5 Most Important Features for a Backpacking Camera

An example of a great lens system. From R to L: the very sharp environmentally sealed, 12-40mm f/2.8 PRO lenson camera 14-42mm f/3.5-5.6 II R  standard kit lens; 40-150mm f/4.0-5.6 R  telephoto zoom;  the compact, wide and sharp 9-18mm f4.0-5.6 lens weighing only 5 oz!; and far left is the sharpest lens of the bunch, the Sigma 30mm f/1.4 prime.

Suggested Lenses for the Olympus OM-D EM-5 II

Again, what sets the Olympus apart from many cameras is an excellent selection of lenses. But in particular, superb zoom lenses!

Moderate Price and Budget Lenses

Alert! Unless you really need a single lens solution that includes a long telephoto, I would shy away from the Olympus M.ZUIKO DIGITAL ED 14-150mm F4.0-5.6 II lens that is sometimes bundled with the camera. It’s expensive and has lower image quality than the combination of the 12-42 and 40-150 lenses above.

Higher Priced Lenses

If you need/want more u4/3 lenses

Micro 4/3 is an open format also used by Panasonic, which along with Sigma (and a few others like Rokinon and Tamron) also makes some excellent lenses.


  Also consider the less expensive, but non-weather resistant Olympus OM-D EM-10 IIMost of what is written about the Olympus OM-D EM-5 II is also true of OM-D EM-10 II. That makes the EM-10 II a tremendous value! Both cameras share the same image sensor, electronics and selection of great lenses. For a killer wide-angle backcountry setup for moderate cost and low weight, consider the EM-10 II paired with the compact, wide and very sharp ED 9-18mm f4.0-5.6 lens. This lens is exceptionally wide-angle (18-36mm equivalent) for dramatic perspectives and sweeping landscapes. Compact and only 5 ounces, it is a marvel of optical engineering.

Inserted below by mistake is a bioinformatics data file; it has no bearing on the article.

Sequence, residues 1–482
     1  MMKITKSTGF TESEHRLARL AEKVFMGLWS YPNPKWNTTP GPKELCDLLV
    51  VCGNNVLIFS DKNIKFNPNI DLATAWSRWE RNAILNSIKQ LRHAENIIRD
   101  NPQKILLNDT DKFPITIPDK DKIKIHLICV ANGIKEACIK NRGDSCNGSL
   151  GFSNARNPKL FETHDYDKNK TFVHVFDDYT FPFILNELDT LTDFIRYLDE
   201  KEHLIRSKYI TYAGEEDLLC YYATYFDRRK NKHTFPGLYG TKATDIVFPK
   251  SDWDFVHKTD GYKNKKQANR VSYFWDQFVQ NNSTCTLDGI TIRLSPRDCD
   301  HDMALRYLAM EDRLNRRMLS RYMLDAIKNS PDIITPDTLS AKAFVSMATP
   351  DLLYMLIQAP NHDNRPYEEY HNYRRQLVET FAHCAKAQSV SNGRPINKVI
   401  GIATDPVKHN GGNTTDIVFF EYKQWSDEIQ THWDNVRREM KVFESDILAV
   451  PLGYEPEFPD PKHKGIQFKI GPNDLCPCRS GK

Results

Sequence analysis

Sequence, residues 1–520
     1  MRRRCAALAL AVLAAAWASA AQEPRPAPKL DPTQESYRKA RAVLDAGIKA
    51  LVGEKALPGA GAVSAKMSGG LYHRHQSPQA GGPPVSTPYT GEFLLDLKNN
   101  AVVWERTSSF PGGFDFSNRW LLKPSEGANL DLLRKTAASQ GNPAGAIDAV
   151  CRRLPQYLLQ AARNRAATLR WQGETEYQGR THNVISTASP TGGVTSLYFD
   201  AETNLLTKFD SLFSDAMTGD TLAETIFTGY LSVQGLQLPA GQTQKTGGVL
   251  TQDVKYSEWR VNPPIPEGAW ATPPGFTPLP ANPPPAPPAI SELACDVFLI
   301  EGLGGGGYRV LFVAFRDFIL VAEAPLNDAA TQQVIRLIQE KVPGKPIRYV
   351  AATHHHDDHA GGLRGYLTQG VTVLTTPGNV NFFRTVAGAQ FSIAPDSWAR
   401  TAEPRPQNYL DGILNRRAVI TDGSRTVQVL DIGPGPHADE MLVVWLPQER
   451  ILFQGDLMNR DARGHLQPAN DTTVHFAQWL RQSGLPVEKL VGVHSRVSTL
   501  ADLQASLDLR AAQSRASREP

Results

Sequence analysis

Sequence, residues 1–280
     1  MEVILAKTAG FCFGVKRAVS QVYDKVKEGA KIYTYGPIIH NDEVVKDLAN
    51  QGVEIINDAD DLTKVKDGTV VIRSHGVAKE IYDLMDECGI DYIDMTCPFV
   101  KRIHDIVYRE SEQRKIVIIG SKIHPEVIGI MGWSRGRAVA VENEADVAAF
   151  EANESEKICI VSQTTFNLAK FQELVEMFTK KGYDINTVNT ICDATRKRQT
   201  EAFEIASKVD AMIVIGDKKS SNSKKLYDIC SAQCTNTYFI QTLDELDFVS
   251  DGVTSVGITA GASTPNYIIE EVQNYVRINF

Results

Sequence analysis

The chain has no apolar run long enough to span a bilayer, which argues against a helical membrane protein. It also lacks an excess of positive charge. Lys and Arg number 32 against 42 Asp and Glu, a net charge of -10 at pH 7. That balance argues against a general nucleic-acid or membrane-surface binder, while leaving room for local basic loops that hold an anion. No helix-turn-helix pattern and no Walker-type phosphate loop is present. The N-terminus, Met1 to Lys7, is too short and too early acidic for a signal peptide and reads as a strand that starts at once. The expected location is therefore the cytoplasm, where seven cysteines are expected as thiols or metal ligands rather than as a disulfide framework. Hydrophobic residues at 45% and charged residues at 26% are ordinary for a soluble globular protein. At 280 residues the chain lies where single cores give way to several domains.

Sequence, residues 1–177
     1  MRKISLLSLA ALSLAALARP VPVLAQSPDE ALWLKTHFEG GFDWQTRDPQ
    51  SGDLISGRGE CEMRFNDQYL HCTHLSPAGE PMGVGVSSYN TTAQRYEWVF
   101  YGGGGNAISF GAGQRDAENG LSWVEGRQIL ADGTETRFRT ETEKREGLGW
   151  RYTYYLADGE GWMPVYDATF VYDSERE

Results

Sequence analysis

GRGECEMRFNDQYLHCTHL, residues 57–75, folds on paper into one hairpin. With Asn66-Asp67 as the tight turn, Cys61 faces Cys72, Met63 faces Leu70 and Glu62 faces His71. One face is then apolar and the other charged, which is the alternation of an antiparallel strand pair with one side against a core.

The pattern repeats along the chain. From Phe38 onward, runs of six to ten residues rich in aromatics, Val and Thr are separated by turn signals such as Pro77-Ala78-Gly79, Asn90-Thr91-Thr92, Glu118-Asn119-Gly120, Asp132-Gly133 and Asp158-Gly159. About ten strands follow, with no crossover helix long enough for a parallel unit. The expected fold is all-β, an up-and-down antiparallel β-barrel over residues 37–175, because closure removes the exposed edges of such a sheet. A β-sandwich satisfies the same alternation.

Tips for Using the Olympus OM-D EM-5 II

  • For sharpest pictures shoot in Aperture Mode, “A” on the mode dial. Set it to the lens’ best aperture (usually around f/4 or f/5.6 for u4/3 lenses).
  • Program the F1 function button to manual focus. One of the joys and strengths of mirrorless cameras is how quickly and well you can manually focus. With the F1 button you can switch between auto focus and manual in less than a second. (Or just use the manual focus clutch on the focus ring of the PRO lenses)
  • Use the “Shadow Adjust Mode,” in bright daylight. It will take some of the contrasty sting out of your midday/full-sun photos. Expose for the highlights and let the camera auto-adjust to better expose the shadows.
  • Use the nice histogram in the display. This will give you a good idea if you are losing shadows or blowing out highlights before you take the photo.
  • Do take the time to customize the camera to make your most used features quickly accessible via the many function buttons on the camera, and even on some of the lenses. This may require downloading a PDF of the manual and doing some reading but you’ll thank yourself later.

 


olympus-em5vssony-a6000-fb-1200

Olympus OM-D EM-5 II  vs. the Sony a6000 through a6500 Cameras

Speed and Ease of Use – advantage Olympus

The Olympus’ excellent camera controls (2 knurled top knobs and many function buttons) allow you to make essential adjustments quickly and without having to take your eyes off viewfinder. In comparison, some important Sony adjustments must be made in-menu or using the less than perfect camera back dial. In addition, the Olympus has a much larger and brighter EVF display. The Olympus has a better rear touchscreen display that both rotates and twists. The Sony a6000 and a6300 have non-touchscreen displays that only tilt. (The a6500 has a touchscreen display but it only tilts.)

Camera Sensor and Video – advantage Sony

The Sony 24 MP sensor when combined with the best prime lenses will out resolve the Olympus 16 MP sensor. In addition the larger Sony sensor has slightly better high ISO performance, color depth, and dynamic range. But Olympus wins the resolution battle for zoom lenses. The best Olympus u4/3 zoom lenses have slightly higher perceptual resolution of 10 MP vs. 8-9 MP for the best Sony zoom lenses. The Olympus is a solid but not exceptional video camera, while Sony cameras are killer video machines.

Zoom Lenses and Resolution – advantage Olympus